As soon as our head hit the pillow, its lights out and many of us wake up not remembering a single thing that occurred, in the 7 or so hours, during that time. However the cells firing in your brain are very much awake, enough so to produce vivid and sometimes downright haunting dreams that take place during the rapid-eye-movement stage of our sleep.
Why do some people have nightmares about man-eating butterflies (like me) while others spend their nights in bliss? Dreams are still a very mysterious phenomena, but as technology advances, scientists are slowly finding some of the answers. Here we have collected a list of dream facts and information on what we know goes on in dreamland, such as:
Dreams can inspire greatness
Some of the greatest inventions of our time were given birth in a dream state. Newton, Graham Bell and famous poets are all known to got their inspiration from a dream. Einstein was also known to use “power napping” to his advantage. Power napping is basically a controlled micro nap designed to last no longer than a second. To accomplish this micro nap, Einstein recommended sitting in a chair with a book clamped in his left hand. The moment Einstein would enter his slumber, the book would fall on the ground and awaken him. Einstein believed this technique revived his whole physical and physic being.
You can control your dreams
If you’re interested in taking control of your dreams so you can fly a pink elephant or slide off rainbows instead of being chased by man-eating butterflies, then you may want to take up video gaming. The link? Both represent alternate realities, said Jayne Gackenbach, a psychologist at Grant MacEwan University in Canada.
“If you’re spending hours a day in a virtual reality, if nothing else it’s practice,” Gackenbach told LiveScience in 2010. “Gamers are used to controlling their game environments, so that can translate into dreams.” Her past research has shown that people who frequently play video games are more likely than non-gamers to have lucid dreams where they view themselves from outside their bodies; they were also better able to influence their dream worlds, as if controlling a video-game character.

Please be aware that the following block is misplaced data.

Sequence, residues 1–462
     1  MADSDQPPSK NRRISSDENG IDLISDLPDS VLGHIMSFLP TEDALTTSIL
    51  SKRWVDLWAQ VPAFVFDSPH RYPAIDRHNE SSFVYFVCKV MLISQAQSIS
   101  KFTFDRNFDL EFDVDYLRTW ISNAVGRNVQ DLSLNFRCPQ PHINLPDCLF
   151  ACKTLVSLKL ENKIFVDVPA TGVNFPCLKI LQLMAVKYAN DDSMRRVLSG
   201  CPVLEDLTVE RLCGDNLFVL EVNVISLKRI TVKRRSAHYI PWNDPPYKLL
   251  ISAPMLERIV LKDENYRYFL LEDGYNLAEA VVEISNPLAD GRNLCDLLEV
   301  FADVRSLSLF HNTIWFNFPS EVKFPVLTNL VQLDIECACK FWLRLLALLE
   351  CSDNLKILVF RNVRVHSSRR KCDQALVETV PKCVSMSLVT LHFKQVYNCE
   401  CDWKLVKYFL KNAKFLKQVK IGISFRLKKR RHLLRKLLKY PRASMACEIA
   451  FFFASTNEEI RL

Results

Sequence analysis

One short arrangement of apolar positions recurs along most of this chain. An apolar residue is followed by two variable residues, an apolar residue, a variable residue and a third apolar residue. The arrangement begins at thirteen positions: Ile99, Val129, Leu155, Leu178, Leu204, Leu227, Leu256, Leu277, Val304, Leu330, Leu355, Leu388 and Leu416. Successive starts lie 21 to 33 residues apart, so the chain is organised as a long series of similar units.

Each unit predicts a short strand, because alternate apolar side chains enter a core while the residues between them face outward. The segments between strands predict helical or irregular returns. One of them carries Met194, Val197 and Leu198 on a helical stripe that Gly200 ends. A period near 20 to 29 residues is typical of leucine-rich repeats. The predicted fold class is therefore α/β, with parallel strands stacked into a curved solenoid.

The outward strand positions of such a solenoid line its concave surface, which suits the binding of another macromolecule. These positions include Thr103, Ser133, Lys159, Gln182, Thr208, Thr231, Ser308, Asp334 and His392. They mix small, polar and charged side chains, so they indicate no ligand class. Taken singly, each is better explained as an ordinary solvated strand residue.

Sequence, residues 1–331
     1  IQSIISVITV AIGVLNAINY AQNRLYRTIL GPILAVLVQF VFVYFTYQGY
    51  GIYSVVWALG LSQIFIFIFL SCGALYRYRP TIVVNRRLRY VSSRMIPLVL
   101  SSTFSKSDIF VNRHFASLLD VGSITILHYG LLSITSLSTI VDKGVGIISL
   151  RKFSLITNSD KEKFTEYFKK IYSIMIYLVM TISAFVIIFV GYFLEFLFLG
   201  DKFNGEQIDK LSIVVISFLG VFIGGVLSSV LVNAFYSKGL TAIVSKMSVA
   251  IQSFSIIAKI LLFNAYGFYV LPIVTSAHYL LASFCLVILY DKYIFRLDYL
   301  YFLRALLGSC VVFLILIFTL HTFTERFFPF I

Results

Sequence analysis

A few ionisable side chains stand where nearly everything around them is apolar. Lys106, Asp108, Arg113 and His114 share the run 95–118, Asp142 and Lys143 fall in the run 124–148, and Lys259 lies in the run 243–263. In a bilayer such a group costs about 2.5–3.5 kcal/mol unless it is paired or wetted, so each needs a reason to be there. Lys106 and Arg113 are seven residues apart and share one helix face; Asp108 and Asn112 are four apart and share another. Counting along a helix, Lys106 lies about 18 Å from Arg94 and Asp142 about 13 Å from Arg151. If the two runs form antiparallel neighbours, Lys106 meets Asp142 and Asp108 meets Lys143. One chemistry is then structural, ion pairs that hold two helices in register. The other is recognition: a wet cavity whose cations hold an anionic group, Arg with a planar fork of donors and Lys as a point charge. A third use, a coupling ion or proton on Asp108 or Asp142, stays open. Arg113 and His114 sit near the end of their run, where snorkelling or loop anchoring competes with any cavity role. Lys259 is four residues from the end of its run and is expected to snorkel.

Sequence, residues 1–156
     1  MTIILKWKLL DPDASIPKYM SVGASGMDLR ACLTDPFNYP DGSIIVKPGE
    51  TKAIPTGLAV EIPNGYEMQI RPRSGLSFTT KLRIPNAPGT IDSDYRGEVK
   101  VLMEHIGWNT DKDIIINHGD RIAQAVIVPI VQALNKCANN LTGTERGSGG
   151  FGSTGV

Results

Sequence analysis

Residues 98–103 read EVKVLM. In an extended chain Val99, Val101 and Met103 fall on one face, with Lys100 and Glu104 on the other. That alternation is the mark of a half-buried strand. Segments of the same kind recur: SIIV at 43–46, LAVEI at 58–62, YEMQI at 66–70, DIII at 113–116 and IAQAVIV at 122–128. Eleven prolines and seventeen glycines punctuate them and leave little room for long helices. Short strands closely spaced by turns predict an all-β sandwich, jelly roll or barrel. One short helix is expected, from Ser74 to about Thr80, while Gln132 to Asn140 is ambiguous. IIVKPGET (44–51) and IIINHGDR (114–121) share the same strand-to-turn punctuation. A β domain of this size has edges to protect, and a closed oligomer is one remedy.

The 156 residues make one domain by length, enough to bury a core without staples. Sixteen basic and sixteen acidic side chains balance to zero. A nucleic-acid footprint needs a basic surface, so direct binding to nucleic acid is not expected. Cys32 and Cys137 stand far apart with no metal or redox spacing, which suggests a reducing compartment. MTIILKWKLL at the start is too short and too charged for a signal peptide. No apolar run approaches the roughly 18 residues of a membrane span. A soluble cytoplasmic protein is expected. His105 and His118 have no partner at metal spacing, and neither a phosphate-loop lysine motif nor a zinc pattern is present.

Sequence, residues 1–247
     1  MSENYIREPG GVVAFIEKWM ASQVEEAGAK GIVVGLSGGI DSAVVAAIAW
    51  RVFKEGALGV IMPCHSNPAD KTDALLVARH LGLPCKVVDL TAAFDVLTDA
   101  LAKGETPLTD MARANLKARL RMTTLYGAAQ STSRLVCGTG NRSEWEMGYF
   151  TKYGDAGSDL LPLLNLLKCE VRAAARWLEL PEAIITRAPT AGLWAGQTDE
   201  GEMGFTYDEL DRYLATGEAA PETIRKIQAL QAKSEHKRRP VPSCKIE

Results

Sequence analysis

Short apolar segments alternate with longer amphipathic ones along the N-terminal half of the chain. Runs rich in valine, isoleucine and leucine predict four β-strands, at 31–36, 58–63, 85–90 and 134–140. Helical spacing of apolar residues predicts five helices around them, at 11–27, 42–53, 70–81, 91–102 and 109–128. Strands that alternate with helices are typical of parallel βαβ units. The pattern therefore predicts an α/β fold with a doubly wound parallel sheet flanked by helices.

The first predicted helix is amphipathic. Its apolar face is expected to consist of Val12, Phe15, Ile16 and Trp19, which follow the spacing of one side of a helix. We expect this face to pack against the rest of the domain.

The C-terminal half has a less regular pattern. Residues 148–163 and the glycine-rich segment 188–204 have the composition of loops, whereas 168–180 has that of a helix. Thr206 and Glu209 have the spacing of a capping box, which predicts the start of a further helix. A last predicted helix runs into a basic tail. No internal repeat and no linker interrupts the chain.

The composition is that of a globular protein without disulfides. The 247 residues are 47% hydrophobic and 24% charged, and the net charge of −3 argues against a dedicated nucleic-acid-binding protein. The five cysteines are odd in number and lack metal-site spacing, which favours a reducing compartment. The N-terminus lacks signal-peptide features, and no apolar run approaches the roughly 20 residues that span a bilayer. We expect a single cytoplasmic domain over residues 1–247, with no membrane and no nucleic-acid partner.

That level of control may also help gamers turn a bloodcurdling nightmare into a carefree dream, she found in a 2008 study. This ability could help war veterans suffering from post-traumatic stress disorder (PTSD), Gackenbach reasoned.
Animals have complex dreams
Animals have complex dreams and are able to retain and recall long sequences of events while they are asleep, Massachusetts Institute of Technology researchers report for the first time in the Jan. 25 issue of the journal Neuron.
While any pet owner knows that animals seem to dream, these studies show that animals brains follow the same series of sleeping states as ours do and are a lot more complex then one would think. What exactly they dream about is still unclear though.
Dreams can get you in trouble!
One West African group, the Ashanti, take dreams so seriously that they would allow a husband to take legal action against another man if that man had an erotic dream about his wife. How these crimes can ever be proven is beyond me though…